Functional speech disorders are some of the several speech sound disorders that may occur in childhood. They may persist into adulthood. Children with functional speech disorders have difficulty learning to make specific speech sounds.
A functional speech disorder is sometimes called an “articulation disorder”, “articulation problem” or a “functional articulation disorder”. It differs from a phonological disorder, and the exact cause for this disorder is not known.
Even though the precise causes for speech disorders are not known, professionals do know that anatomical, environmental and linguistic factors, intermittent hearing issues and other health interruptions in a child’s life can negatively affect their speech acquisition.
Assessing the Need for Speech Therapy
Speech pathology therapy is based on an ongoing, individual assessment of your communication skills, or that of your child. Your therapist will screen the areas of communicative function, including fluency, language, speech and voice, and will do an in-depth assessment of a child’s areas of difficulty. Assessments may include standardised tests, non-standardised tests and clinical observations.
You will be informed by your therapist what the exact problem is, you can discuss the severity and extent of this problem, then explore treatment options.
Planning for Therapy
Your speech therapist will propose a plan for treatment that he or she feels will work the best for you, and that is theoretically sound and based on solid evidence. Depending on the severity of your problem, or that of your child, your therapist can predict accurately an approximate time frame within which the problem will likely be solved. Some children and adults do require more therapy.
What Is the Prognosis for People with Speech Disorders?
Your therapist will give you a prognosis, which is basically a prediction about the therapy’s most likely outcome. You may not receive a concrete prognosis right after you learn the diagnosis. In these cases, your therapist will wait a time until they have had several treatment sessions with you or your child, and have made sure that supervised home practice is taking place.
For years, speech pathologists have been quite successful in treating people who have functional speech disorders by the use of scientific approaches and articulation therapy.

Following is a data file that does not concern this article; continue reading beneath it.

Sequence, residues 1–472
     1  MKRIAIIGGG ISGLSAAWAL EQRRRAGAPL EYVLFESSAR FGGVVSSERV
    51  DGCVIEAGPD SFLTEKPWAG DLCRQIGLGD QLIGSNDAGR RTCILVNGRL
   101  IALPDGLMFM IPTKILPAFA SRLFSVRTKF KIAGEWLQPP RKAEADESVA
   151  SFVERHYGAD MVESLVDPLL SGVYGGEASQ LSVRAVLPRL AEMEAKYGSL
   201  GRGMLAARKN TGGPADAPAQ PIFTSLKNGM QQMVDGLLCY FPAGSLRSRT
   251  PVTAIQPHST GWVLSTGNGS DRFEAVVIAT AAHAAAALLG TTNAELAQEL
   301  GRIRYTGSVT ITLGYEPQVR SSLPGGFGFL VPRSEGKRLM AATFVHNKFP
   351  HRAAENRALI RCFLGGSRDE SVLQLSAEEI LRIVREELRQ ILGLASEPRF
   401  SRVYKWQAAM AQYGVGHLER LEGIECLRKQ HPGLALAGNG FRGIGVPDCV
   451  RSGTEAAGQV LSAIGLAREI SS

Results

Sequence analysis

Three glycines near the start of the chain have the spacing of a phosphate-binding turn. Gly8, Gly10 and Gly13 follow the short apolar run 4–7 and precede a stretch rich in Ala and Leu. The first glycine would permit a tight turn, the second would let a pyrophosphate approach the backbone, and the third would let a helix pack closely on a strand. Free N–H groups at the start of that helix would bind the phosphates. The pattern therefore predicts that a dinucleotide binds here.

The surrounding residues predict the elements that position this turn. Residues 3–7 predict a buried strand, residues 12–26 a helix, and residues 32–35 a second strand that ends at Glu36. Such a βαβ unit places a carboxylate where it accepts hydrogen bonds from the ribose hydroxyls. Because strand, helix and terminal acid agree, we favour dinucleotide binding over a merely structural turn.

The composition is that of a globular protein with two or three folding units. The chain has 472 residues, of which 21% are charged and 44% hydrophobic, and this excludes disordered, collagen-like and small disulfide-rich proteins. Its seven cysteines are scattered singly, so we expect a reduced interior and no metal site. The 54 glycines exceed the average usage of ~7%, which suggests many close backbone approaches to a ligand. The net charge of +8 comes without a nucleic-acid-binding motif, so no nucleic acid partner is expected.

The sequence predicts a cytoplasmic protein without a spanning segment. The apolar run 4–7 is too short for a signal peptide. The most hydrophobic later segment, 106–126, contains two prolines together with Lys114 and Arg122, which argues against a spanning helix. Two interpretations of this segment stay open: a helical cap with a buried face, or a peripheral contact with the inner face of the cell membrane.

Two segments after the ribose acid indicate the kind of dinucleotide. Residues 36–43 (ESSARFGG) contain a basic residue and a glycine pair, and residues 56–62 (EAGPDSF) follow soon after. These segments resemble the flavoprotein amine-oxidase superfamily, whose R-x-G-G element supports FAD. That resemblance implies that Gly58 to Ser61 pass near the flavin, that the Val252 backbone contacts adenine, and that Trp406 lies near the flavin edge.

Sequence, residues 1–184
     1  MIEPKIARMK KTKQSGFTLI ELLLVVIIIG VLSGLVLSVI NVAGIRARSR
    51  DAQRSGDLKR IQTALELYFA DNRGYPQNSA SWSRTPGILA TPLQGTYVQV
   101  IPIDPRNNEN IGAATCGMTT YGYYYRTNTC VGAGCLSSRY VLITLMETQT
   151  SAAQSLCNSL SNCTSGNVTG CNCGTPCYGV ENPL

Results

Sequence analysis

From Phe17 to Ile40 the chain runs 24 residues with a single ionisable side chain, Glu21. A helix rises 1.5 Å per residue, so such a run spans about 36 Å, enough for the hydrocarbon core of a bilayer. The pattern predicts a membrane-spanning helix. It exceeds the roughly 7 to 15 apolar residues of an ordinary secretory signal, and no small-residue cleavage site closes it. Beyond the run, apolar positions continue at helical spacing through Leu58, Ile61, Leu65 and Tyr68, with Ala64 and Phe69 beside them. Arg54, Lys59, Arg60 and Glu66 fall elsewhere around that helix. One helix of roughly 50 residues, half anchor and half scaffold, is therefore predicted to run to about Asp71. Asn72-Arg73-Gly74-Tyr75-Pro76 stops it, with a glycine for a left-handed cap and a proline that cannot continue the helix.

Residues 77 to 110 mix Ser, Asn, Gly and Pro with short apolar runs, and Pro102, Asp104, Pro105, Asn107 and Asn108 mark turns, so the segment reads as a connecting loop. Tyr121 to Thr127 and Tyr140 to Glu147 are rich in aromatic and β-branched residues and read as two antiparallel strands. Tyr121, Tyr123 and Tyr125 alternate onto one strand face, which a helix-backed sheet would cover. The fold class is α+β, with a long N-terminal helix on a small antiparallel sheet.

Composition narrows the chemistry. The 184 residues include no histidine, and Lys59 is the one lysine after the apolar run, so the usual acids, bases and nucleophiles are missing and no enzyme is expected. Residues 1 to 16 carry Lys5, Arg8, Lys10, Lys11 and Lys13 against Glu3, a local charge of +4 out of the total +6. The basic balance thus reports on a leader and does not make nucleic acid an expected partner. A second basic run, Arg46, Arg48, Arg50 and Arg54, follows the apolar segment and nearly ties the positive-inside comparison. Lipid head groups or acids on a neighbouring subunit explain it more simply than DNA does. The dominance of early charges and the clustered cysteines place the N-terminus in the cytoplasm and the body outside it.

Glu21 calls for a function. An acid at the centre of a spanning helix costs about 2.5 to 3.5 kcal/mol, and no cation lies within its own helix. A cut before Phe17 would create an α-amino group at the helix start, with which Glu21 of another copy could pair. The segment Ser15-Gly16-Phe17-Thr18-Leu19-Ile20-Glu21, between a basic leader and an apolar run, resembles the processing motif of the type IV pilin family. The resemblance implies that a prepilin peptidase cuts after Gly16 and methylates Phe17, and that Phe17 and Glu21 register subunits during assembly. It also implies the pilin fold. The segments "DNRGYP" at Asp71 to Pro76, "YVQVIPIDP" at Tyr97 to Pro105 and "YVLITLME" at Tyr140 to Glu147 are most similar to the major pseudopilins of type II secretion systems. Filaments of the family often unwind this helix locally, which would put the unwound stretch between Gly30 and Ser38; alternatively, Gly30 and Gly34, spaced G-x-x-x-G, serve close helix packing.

Intervention for Adults
If speech disorders were not successfully treated when you were younger, they may have persisted into your adulthood. You may have trouble pronouncing just a few sounds.
Using speech pathology, your therapist can help you to overcome the disorders. In this way, you can achieve “standard” speech of the sounds you previously had trouble pronouncing.
Speech Homework for Children
Therapists believe that appropriate, supervised homework will expedite the gains brought about by therapy. Supervised in this case means that the tasks were devised by a clinician specifically for your child.
Homework will build on your child’s previous sessions. Progress will vary with each child, since each child is different. This is why a therapist will not normally hand out intervention plans for administration without supervision.
A home program that is well explained can be administered by parents or other responsible adults. When a child is using home programs like these, it is most beneficial for the speech therapist to review their progress and give guidance on an ongoing basis.
Inadvisable “Do It Yourself” Speech Therapy
Even if you or your child only have a mild speech disorder, intervention by a therapist is most effective in your overcoming the problem. These are professionals who are highly trained and who possess specialised skills and knowledge with which to treat speech difficulties.
If you have questions about speech and language make an appointment to see one of our speech pathologists.